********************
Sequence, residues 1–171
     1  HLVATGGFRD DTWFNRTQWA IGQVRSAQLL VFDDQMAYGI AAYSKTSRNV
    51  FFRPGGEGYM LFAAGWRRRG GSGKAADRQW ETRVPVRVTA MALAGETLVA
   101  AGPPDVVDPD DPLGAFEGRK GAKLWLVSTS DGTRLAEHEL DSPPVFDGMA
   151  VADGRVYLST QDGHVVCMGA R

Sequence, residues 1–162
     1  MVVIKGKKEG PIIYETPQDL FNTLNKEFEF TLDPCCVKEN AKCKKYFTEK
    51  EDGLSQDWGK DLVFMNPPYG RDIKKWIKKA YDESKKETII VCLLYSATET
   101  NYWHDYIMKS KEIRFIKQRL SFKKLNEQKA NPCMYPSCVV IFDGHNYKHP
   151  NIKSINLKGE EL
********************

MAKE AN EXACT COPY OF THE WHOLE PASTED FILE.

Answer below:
Sequence, residues 1–171
     1  HLVATGGFRD DTWFNRTQWA IGQVRSAQLL VFDDQMAYGI AAYSKTSRNV
    51  FFRPGGEGYM LFAAGWRRRG GSGKAADRQW ETRVPVRVTA MALAGETLVA
   101  AGPPDVVDPD DPLGAFEGRK GAKLWLVSTS DGTRLAEHEL DSPPVFDGMA
   151  VADGRVYLST QDGHVVCMGA R

Sequence, residues 1–162
     1  MVVIKGKKEG PIIYETPQDL FNTLNKEFEF TLDPCCVKEN AKCKKYFTEK
    51  EDGLSQDWGK DLVFMNPPYG RDIKKWIKKA YDESKKETII VCLLYSATET
   101  NYWHDYIMKS KEIRFIKQRL SFKKLNEQKA NPCMYPSCVV IFDGHNYKHP
   151  NIKSINLKGE EL